Wilton Wynn covered Mideast wars and peacemaking for years before he moved to Rome and covered the early days of John Paul II's history-changing papacy.
As Rome bureau chief for Time magazine, he frequently accompanied the well-traveled pope abroad. The pope took notice of Wynn's coverage, and when the journalist retired in 1985 for health reasons, he offered a papal blessing. Covering the papacy brought the Arkansas-born Baptist closer to Catholicism, and after he retired, Wynn coverted.
Wynn died Thursday at his apartment in Rome after a long illness. He was 90, and his widow, Leila, said his personal memories of covering the pope were the highlights of his long and distinguished career.
"Before giving him the blessing, the pope apologized because he was not wearing his white cassock," Leila Wynn recalled Thursday.
Wilton Wynn remained a close friend of John Paul II's spokesman, Joaquin Navarro-Valls, who recently visited Wynn in the hospital.
Born in Prescott, Arkansas, Wynn graduated from Louisana State University and went to work on a number of southern newspapers, including The Baton Rouge Morning Advocate. He served as head of the department of journalism at the American University in Cairo from 1945-47, where he met his future wife, a student in one of his classes. He was director of journalism at Lehigh University in Bethlehem, Pennsylvania, from 1947-50.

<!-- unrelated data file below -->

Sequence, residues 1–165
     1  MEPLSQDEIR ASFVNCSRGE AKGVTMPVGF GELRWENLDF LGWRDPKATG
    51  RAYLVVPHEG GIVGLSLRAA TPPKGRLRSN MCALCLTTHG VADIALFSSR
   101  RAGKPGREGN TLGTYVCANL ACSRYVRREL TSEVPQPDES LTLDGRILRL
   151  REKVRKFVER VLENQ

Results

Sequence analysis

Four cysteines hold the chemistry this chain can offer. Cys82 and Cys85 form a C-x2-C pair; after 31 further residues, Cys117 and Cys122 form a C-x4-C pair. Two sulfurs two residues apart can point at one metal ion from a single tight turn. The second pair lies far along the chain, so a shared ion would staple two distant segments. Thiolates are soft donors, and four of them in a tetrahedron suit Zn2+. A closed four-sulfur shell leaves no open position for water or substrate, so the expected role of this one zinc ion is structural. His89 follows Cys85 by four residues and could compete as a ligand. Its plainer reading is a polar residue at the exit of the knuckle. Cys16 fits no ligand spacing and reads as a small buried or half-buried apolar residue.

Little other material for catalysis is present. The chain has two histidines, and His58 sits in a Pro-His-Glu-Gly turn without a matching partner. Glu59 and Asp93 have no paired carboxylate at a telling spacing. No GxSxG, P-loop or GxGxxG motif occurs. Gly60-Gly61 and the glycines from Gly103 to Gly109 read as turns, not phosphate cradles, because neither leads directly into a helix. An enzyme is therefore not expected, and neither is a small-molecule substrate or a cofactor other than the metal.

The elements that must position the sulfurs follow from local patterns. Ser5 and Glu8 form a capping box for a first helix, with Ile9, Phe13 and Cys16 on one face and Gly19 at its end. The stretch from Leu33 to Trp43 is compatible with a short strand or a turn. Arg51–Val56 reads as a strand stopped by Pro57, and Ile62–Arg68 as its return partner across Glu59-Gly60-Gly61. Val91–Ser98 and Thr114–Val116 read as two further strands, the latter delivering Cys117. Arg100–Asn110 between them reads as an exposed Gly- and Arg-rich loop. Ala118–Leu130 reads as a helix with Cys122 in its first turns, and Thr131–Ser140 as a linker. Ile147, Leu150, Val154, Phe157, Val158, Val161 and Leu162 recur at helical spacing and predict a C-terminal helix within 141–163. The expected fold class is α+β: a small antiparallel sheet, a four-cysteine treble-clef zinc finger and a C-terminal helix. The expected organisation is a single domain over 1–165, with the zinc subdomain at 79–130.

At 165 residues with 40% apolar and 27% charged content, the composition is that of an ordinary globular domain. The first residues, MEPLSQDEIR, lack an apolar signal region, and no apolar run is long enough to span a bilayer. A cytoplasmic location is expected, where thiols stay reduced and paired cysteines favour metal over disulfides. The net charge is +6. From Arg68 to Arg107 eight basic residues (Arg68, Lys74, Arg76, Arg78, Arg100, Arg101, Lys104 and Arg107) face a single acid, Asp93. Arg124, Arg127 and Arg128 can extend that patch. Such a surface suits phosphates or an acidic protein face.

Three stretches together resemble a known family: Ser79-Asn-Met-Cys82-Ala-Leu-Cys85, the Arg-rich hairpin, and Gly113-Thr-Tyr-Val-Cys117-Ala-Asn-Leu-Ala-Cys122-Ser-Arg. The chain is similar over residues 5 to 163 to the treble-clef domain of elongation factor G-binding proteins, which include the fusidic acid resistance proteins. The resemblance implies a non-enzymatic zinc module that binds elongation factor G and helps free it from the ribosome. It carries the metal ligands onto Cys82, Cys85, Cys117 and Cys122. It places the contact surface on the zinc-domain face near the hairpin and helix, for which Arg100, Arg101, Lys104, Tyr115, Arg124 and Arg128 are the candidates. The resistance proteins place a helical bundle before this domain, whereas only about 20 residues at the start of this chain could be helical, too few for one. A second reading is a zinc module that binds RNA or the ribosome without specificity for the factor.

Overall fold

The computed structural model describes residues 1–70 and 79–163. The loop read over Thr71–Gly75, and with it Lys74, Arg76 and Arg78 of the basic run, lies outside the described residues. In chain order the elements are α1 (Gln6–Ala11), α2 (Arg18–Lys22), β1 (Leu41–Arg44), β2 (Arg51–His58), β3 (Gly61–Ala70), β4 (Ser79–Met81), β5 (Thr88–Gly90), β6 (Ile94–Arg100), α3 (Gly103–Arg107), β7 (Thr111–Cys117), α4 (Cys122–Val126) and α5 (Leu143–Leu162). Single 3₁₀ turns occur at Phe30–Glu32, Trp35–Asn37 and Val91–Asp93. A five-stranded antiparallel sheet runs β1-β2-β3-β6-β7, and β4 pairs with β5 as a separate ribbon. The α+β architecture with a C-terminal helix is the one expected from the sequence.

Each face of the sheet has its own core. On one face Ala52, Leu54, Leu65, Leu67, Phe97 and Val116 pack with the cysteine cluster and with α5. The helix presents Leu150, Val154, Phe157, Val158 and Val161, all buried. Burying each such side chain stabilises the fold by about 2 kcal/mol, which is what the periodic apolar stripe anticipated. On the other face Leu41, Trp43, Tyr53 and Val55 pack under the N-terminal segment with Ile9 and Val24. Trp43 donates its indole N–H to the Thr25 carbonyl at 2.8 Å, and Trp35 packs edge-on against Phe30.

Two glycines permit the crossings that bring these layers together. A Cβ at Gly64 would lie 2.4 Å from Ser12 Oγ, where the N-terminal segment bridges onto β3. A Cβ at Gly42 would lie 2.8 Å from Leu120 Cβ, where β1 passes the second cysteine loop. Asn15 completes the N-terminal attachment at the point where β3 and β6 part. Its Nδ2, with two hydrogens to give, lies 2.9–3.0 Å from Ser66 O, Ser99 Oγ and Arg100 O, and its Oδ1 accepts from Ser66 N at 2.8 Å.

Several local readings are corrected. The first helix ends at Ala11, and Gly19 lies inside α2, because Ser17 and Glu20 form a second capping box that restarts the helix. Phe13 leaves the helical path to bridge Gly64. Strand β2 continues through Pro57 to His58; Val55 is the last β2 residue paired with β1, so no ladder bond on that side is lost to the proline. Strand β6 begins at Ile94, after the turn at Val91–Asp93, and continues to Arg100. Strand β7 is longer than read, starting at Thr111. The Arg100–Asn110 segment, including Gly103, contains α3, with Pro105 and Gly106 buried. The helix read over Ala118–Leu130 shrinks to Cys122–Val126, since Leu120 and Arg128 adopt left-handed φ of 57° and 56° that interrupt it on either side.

He spent more than 25 years in Cairo and Beirut, Lebanon, including working as The Associated Press bureau chief in Cairo from 1955-61 before joining Time.
While the AP's Cairo correspondent, he wrote a book about Egypt's Gamal Abdel Nasser and his rise to power, "Nasser of Egypt: The Search for Dignity," and in 1988 he published a book about three popes, "The Keepers of the Keys."
He covered both the 1973 war in which Egypt fought Israel and their peace treaty in 1979, before moving to Rome.
"What I want from this visit," Sadat told Wynn during the historic flight that took him to Jerusalem in 1977, "is that the wall created between us and Israel, the psychological wall, be knocked down."
Sadat, for his peacemaking, was named Time Man of the Year in 1977.
Wynn had been stricken twice with cancer, and died with his wife and a niece by his side.